Returning from OSBC last week, Gartner analyst Brian Prentice writes a post questioning the conventional wisdom of open-core licensing. Prentice argues that open-core licensing provides significantly less value to the customer than it does to the vendor or the vendor's venture capital (VC) backers. I agree with his conclusion, but don't think that vendors or VCs should shy away from open-core licensing as a result.
Prentice writes: "The VC communities' interest in open source, as I see it, is based on the view that a project's associated community will lower development and sales costs. That allows them to build an attractive proposition when selling the company."
Let's begin by looking at single-vendor-controlled projects. These are the most common examples of successful -- in terms of revenue potential -- open source projects. If VCs still believe that a vendor will benefit from lower development costs as a result of selecting an open source development approach, they need to wake up.
Look at virtually any single-vendor-controlled open source project and you'll note that the vendor severely limits contributions from third parties. Among other reasons, ownership of the copyright and being able to track pedigree of the code contributions are key justifications for limiting outsider contributions. These are necessary steps for offering a commercially licensed product with confidence.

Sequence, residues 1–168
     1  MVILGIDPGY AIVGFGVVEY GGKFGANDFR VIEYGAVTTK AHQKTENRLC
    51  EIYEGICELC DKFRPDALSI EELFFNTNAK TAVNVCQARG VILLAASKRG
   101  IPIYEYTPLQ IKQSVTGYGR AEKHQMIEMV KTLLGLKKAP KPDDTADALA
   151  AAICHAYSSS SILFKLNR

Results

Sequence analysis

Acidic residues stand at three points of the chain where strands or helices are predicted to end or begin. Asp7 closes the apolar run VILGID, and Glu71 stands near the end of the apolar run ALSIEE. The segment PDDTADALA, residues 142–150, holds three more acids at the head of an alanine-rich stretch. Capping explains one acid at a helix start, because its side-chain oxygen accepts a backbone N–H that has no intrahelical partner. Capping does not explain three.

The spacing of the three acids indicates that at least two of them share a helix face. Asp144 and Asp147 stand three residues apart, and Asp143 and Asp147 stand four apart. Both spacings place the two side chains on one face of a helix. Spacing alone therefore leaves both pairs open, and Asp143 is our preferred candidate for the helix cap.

Single-vendor-controlled open source projects do benefit from testing, documentation, and translations from the user community, but these expenses pale in comparison to the actual development costs. As such, I'd argue that lower development expenditures are not really a reason for VCs to invest in an open source project.
I posit that lower selling costs are possible through an open-core-based open source distribution model. However, Prentice calls into question the value of open-core distribution:
The first is that open-core is a largely a retread of tired, old [small business] packaging strategies that have almost universally failed in the market. Businesses don't blindly jump into a free open source offering and then upgrade to a full-cost, proprietary product like it was some stimulus-response behavior. From my experience, they assess these products, from Day One, based on the full version. That eliminates any sales benefit from the open source component of the overall strategy, which, in turn, makes these open-core vendors just like any other small software provider slugging it out in a crowded market space.